I have written about In Harmony and the El Sistema approach to music education several times here on my blog primarily because I feel passionately about musical education for all. In Harmony was inspired by the El Sistema method employed in Venezuela; encouraging children from disadvantaged backgrounds to play orchestral instruments enabling them to join children’s orchestras. The method has been so successful in Venezuela that it has been implemented in Scotland (‘Big Noise’) and now here in England (and in other parts of the world too).
Children of all ages can take part in the scheme and the benefits have been frequently documented; it’s a well-known fact that learning a musical instrument not only helps develop a human being intellectually but also instils discipline, focus, humility, camaraderie and perhaps most importantly, helps foster an interest or a passion in music of all kinds. In my opinion, this scheme should be extended to all schools throughout the country – if only the funds were available. The process of learning an instrument is so much more important than the ability to play it. Just being able to read music is a very useful accomplishment. What a pity we can’t get our government to understand this.
I was invited to this year’s In Harmony Winter Concert at the Royal Festival Hall, which took place yesterday. In Harmony Lambeth is led and managed by Lambeth Children and Young People’s Services in partnership with the Southbank Centre. The London Philharmonic Orchestra is the key orchestral partner in the programme. Based in two key partner Lambeth primary schools, the programme engages 420 children each week in a programme of intensive music-making. There are three orchestras which rehearse twice a week after school; Purcell Orchestra, Sullivan Orchestra and Holst Orchestra.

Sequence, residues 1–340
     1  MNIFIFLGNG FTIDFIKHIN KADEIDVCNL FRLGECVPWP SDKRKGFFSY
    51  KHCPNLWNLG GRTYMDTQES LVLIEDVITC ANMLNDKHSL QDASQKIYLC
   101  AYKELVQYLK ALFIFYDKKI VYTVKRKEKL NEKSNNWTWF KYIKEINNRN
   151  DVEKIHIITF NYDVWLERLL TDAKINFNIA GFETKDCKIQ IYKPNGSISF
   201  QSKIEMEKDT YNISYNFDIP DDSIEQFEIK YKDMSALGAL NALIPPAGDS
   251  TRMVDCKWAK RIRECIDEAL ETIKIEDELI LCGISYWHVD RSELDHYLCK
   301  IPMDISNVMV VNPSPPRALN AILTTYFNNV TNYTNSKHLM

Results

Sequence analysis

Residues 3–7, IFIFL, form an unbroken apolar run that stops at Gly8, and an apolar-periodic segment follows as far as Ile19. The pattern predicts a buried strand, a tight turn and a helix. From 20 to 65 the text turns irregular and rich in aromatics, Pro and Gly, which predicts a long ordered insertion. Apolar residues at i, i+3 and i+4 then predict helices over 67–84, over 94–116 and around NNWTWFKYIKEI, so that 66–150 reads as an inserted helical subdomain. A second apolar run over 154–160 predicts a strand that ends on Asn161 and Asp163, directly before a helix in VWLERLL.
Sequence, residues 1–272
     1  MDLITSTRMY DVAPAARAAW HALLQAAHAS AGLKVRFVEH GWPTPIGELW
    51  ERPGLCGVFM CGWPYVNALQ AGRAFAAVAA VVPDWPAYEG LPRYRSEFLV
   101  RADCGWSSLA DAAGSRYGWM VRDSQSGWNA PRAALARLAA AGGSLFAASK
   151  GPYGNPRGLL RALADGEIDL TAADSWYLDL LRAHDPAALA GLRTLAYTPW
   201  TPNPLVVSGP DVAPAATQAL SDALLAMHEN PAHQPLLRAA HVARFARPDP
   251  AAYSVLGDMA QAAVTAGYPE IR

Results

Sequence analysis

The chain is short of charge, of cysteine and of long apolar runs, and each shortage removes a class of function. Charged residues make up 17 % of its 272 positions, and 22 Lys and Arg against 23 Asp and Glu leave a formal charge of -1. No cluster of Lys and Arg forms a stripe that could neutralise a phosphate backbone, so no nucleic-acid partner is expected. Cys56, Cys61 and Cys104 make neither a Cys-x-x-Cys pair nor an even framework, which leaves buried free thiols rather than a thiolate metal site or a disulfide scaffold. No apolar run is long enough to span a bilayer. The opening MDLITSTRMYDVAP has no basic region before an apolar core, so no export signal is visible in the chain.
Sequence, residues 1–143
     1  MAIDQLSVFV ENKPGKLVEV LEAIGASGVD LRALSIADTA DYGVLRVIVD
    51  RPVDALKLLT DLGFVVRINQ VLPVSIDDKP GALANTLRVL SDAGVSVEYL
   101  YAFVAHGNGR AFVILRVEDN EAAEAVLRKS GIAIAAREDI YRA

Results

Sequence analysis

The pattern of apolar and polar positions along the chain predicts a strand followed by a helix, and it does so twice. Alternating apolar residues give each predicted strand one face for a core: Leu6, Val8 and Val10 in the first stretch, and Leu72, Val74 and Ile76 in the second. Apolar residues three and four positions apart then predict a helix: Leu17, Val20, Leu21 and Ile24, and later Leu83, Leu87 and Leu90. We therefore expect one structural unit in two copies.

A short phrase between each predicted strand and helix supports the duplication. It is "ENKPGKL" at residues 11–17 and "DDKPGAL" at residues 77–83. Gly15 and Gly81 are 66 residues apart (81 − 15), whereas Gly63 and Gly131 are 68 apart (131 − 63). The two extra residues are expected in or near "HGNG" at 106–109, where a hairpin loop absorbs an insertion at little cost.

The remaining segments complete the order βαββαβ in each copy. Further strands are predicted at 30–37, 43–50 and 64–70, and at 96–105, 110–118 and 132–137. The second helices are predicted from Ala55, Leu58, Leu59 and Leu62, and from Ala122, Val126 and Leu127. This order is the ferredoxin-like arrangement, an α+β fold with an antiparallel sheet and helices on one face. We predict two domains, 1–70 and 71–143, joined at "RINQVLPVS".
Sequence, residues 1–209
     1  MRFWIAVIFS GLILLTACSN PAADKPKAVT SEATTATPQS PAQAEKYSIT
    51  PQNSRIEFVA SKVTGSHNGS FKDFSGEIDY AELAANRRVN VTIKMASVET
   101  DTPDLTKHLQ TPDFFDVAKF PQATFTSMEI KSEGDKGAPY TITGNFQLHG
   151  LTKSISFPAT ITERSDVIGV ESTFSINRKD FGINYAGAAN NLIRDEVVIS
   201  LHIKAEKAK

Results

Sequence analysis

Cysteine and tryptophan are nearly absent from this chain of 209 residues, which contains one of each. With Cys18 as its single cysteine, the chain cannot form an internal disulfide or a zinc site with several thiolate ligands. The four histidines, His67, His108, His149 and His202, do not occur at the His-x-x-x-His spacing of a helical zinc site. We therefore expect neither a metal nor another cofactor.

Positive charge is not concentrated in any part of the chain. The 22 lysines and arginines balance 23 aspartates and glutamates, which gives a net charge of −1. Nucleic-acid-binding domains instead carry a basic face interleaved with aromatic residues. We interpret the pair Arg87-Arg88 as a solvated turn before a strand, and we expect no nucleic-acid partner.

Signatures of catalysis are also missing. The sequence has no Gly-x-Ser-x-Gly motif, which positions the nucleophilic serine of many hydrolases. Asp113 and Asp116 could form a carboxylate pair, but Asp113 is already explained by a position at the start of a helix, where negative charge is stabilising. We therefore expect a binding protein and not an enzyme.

It was a pleasure listening to these youngsters performing (the orchestras played separately and all together at the end). We were treated to old favourites such as O Sole Mio, Sway and Ode to Joy, which had all been meticulously prepared by the children and their teachers too, who quite clearly work tirelessly behind the scenes. In many ways it isn’t the children’s performances or even the music making itself that is crucial here; it is the fact that music is acting as a vehicle for addressing many problems in our society.
It was wonderful hearing all about so many children involved in the scheme whose lives it has really changed. We can only hope that this great scheme may be adopted throughout the UK (it has recently been expanded) so many more young people can benefit.
For much more information about how to practice piano repertoire, take a look at my two-book piano course, Play it again: PIANO (Schott). Covering a huge array of styles and genres, 49 progressive pieces from approximately Grade 1 – 8 level are featured, with at least two pages of practice tips for every piece. A convenient and beneficial course for students of any age, with or without a teacher, and it can also be used alongside piano examination syllabuses too.
You can find out more about my other piano publications and compositions here.